Microstructure Imaging Core Publications

Joseph M Gullett, Andrew O'Shea, Damon G Lamb, Eric C Porges, Deirdre M O'Shea, Ofer Pasternak, Ronald A Cohen, and Adam J Woods. 10/2020. “The Association of White Matter Free Water With Cognition in Older Adults.” Neuroimage, 219, Pp. 117040.Abstract
BACKGROUND: Extracellular free water within cerebral white matter tissue has been shown to increase with age and pathology, yet the cognitive consequences of free water in typical aging prior to the development of neurodegenerative disease remains unclear. Understanding the contribution of free water to cognitive function in older adults may provide important insight into the neural mechanisms of the cognitive aging process. METHODS: A diffusion-weighted MRI measure of extracellular free water as well as a commonly used diffusion MRI metric (fractional anisotropy) along nine bilateral white matter pathways were examined for their relationship with cognitive function assessed by the NIH Toolbox Cognitive Battery in 47 older adults (mean age ​= ​74.4 years, SD ​= ​5.4 years, range ​= ​65-85 years). Probabilistic tractography at the 99th percentile level of probability (Tracts Constrained by Underlying Anatomy; TRACULA) was utilized to produce the pathways on which microstructural characteristics were overlaid and examined for their contribution to cognitive function independent of age, education, and gender. RESULTS: When examining the 99th percentile probability core white matter pathway derived from TRACULA, poorer fluid cognitive ability was related to higher mean free water values across the angular and cingulum bundles of the cingulate gyrus, as well as the corticospinal tract and the superior longitudinal fasciculus. There was no relationship between cognition and mean FA or free water-adjusted FA across the 99th percentile core white matter pathway. Crystallized cognitive ability was not associated with any of the diffusion measures. When examining cognitive domains comprising the NIH Toolbox Fluid Cognition index relationships with these white matter pathways, mean free water demonstrated strong hemispheric and functional specificity for cognitive performance, whereas mean FA was not related to age or cognition across the 99th percentile pathway. CONCLUSIONS: Extracellular free water within white matter appears to increase with normal aging, and higher values are associated with significantly lower fluid but not crystallized cognitive functions. When using TRACULA to estimate the core of a white matter pathway, a higher degree of free water appears to be highly specific to the pathways associated with memory, working memory, and speeded decision-making performance, whereas no such relationship existed with FA. These data suggest that free water may play an important role in the cognitive aging process, and may serve as a stronger and more specific indicator of early cognitive decline than traditional diffusion MRI measures, such as FA.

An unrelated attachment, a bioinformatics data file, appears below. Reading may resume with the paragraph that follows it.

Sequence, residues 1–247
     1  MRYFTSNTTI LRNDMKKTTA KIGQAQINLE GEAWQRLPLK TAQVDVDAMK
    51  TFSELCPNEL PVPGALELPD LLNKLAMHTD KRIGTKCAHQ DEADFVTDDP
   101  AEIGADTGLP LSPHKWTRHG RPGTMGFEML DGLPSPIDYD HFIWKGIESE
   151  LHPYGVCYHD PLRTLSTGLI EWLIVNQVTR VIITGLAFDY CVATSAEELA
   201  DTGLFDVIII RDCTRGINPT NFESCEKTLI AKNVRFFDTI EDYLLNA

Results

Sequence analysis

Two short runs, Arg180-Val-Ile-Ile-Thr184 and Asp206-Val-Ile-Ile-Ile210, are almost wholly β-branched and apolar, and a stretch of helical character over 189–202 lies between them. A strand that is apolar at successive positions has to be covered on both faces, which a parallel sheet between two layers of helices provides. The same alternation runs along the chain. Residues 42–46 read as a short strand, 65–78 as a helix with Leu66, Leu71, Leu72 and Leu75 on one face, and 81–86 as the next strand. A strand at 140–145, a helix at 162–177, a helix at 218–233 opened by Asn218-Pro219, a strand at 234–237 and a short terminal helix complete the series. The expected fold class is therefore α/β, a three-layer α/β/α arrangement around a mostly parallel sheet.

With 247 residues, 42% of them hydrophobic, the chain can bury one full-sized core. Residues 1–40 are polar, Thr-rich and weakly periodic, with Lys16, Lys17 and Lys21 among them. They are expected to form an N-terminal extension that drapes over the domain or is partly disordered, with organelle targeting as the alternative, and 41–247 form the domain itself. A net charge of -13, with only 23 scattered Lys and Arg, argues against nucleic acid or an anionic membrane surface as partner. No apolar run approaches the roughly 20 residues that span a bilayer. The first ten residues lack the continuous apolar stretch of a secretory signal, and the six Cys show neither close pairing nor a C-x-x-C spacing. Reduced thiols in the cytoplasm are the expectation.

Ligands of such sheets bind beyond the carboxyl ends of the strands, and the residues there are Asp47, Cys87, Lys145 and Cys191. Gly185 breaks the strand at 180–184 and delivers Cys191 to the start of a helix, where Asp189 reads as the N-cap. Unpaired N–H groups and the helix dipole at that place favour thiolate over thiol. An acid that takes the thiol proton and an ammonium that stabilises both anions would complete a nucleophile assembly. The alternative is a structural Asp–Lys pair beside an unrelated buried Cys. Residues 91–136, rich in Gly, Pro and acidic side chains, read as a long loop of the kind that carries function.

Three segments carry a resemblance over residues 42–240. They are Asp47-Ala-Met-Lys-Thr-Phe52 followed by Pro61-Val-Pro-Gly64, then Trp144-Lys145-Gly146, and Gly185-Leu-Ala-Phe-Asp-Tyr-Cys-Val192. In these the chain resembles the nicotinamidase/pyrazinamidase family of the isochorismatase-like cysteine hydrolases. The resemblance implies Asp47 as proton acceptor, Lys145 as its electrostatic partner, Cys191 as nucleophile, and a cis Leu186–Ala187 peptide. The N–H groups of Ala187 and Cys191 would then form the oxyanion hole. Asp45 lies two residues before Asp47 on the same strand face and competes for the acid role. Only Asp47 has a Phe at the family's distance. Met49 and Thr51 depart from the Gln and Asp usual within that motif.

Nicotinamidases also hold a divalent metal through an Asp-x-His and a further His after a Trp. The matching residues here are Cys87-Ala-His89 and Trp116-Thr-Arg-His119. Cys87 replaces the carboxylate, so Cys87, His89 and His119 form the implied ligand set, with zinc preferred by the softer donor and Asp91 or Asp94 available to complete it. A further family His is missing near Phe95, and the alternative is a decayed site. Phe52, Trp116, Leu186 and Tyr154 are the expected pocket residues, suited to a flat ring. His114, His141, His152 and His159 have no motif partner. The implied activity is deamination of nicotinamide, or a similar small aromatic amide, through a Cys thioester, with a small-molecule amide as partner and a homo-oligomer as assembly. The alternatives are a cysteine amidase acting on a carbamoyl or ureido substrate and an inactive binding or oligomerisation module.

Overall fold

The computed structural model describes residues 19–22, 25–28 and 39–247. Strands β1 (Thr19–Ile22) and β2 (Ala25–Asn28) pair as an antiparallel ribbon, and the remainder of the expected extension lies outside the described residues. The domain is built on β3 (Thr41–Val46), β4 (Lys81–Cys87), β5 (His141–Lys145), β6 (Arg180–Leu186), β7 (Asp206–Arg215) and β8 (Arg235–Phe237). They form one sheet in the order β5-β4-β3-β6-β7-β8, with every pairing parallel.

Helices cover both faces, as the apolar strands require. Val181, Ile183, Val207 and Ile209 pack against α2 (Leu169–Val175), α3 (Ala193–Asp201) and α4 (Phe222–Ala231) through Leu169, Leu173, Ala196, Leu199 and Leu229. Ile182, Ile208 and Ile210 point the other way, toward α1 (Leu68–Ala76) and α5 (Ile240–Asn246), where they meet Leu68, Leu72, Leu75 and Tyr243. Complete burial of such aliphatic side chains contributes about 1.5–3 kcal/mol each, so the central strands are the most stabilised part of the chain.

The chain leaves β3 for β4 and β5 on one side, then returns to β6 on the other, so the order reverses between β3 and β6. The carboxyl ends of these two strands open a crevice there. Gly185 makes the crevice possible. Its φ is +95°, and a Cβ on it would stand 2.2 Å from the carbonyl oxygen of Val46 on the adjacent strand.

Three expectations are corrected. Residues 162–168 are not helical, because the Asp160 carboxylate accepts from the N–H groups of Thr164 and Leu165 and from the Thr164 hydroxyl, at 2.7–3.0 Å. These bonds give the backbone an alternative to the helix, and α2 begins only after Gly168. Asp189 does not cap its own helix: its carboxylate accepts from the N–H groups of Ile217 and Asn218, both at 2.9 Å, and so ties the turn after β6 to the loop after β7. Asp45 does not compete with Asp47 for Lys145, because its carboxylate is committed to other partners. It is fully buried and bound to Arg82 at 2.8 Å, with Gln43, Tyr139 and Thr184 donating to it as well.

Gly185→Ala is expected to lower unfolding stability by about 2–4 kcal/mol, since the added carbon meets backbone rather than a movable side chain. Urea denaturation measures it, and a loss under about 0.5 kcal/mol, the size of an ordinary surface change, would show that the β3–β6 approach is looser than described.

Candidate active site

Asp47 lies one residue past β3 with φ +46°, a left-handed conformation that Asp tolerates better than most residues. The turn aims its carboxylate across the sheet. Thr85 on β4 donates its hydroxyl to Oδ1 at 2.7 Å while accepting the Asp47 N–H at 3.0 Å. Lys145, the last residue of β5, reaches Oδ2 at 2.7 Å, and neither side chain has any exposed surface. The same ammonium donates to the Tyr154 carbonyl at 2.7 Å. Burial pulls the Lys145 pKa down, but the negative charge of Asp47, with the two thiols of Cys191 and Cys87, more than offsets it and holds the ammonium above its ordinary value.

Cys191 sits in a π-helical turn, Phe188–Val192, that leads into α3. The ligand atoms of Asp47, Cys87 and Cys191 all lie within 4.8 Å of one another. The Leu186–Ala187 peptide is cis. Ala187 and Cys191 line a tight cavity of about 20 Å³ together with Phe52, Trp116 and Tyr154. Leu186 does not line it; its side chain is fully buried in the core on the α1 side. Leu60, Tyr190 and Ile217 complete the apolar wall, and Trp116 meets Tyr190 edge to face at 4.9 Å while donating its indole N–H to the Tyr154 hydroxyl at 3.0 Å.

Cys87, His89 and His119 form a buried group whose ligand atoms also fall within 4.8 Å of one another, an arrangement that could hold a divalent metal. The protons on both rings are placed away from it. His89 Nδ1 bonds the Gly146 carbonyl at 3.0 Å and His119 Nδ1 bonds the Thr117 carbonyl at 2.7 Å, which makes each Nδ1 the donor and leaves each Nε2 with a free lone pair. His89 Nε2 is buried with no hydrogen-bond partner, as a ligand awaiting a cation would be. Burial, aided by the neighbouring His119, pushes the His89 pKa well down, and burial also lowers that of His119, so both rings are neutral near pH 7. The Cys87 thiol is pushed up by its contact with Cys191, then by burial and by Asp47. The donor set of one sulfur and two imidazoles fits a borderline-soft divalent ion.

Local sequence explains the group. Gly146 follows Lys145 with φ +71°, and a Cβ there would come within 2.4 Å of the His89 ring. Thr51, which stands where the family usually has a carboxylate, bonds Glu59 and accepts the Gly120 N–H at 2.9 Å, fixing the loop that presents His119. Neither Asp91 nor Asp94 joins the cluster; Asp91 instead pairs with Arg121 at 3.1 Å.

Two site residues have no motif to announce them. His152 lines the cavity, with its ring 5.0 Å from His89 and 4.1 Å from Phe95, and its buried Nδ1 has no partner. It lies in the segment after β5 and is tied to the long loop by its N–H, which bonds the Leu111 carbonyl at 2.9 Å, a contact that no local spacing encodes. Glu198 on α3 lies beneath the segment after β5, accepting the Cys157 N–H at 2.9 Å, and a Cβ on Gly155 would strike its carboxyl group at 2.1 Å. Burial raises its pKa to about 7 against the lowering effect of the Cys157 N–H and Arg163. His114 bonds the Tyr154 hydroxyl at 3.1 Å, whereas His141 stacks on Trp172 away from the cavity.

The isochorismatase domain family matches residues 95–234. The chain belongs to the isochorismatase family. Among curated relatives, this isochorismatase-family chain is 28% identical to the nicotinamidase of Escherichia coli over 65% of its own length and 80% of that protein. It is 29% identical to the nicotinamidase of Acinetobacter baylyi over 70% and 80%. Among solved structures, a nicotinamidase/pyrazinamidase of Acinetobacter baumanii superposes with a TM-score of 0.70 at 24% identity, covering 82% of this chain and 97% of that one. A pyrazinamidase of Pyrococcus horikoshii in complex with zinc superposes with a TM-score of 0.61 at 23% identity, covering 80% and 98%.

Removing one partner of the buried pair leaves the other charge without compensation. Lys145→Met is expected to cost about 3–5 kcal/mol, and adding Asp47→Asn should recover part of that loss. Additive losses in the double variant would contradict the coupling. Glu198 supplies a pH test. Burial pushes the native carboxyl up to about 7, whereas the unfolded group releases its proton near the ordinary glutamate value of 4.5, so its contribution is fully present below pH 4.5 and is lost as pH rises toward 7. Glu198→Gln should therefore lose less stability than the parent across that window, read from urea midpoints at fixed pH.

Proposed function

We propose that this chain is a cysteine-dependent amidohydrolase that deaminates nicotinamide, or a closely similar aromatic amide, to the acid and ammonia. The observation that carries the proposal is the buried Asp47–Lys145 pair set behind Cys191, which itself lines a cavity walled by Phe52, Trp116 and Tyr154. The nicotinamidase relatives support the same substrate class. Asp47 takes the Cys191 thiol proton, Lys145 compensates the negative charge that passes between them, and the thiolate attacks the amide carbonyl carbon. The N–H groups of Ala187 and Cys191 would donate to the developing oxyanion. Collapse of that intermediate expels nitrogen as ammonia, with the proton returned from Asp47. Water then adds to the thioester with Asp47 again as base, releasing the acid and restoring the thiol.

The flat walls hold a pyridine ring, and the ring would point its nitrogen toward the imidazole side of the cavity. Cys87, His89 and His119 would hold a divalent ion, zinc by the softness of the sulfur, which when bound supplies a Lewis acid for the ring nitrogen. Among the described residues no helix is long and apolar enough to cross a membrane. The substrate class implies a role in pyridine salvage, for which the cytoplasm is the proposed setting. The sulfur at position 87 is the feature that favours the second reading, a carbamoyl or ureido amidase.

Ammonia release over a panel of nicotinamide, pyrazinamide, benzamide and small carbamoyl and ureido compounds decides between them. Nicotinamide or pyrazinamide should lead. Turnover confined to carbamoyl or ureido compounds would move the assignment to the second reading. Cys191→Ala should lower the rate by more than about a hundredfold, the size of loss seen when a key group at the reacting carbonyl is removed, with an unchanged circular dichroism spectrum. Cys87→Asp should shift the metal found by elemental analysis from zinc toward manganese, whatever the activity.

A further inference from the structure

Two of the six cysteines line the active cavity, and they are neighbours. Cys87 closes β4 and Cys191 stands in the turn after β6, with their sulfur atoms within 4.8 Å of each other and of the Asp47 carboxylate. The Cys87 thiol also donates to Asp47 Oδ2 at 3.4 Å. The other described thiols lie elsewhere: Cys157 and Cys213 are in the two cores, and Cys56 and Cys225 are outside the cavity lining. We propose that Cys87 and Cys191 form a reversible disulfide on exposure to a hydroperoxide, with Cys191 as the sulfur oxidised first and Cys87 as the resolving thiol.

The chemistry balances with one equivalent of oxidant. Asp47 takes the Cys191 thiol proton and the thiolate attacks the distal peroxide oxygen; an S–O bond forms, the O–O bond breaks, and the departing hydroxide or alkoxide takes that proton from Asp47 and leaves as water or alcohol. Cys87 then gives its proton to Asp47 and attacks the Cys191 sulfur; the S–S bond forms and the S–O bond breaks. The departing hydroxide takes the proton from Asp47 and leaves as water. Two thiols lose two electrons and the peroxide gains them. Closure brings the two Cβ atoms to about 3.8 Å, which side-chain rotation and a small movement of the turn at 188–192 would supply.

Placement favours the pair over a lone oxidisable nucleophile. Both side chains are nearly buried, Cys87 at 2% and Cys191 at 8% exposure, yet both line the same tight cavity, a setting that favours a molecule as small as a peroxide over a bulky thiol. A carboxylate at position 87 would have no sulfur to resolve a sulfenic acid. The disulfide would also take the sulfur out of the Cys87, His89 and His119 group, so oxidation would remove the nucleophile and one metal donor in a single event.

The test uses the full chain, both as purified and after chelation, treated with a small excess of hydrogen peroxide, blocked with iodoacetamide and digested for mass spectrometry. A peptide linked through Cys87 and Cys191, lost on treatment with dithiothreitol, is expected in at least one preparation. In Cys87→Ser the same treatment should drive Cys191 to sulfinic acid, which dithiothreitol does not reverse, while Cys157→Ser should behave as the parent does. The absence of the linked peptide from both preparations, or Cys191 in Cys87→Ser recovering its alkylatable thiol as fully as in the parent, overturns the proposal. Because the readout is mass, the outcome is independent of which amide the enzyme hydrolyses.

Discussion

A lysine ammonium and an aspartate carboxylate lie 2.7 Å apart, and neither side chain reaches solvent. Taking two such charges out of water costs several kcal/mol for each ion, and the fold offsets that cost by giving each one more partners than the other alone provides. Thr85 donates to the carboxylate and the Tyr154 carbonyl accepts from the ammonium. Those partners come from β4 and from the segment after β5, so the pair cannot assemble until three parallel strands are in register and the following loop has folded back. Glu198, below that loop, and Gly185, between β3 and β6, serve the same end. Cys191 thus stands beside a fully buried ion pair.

Björn Lampinen, Filip Szczepankiewicz, Johan Mårtensson, Danielle van Westen, Oskar Hansson, Carl-Fredrik Westin, and Markus Nilsson. 9/2020. “Towards Unconstrained Compartment Modeling in White Matter Using Diffusion-Relaxation MRI with Tensor-Valued Diffusion Encoding.” Magn Reson Med, 84, 3, Pp. 1605-23.Abstract
PURPOSE: To optimize diffusion-relaxation MRI with tensor-valued diffusion encoding for precise estimation of compartment-specific fractions, diffusivities, and T values within a two-compartment model of white matter, and to explore the approach in vivo. METHODS: Sampling protocols featuring different b-values (b), b-tensor shapes (b ), and echo times (TE) were optimized using Cramér-Rao lower bounds (CRLB). Whole-brain data were acquired in children, adults, and elderly with white matter lesions. Compartment fractions, diffusivities, and T values were estimated in a model featuring two microstructural compartments represented by a "stick" and a "zeppelin." RESULTS: Precise parameter estimates were enabled by sampling protocols featuring seven or more "shells" with unique b/b /TE-combinations. Acquisition times were approximately 15 minutes. In white matter of adults, the "stick" compartment had a fraction of approximately 0.5 and, compared with the "zeppelin" compartment, featured lower isotropic diffusivities (0.6 vs. 1.3 μm /ms) but higher T values (85 vs. 65 ms). Children featured lower "stick" fractions (0.4). White matter lesions exhibited high "zeppelin" isotropic diffusivities (1.7 μm /ms) and T values (150 ms). CONCLUSIONS: Diffusion-relaxation MRI with tensor-valued diffusion encoding expands the set of microstructure parameters that can be precisely estimated and therefore increases their specificity to biological quantities.
Kyriakos Dalamagkas, Magdalini Tsintou, Yogesh Rathi, Lauren J O'Donnell, Ofer Pasternak, Xue Gong, Anne Zhu, Peter Savadjiev, George M Papadimitriou, Marek Kubicki, Edward H Yeterian, and Nikos Makris. 6/2020. “Individual Variations of the Human Corticospinal Tract and Its Hand-Related Motor Fibers Using Diffusion MRI Tractography.” Brain Imaging Behav, 14, 3, Pp. 696-714.Abstract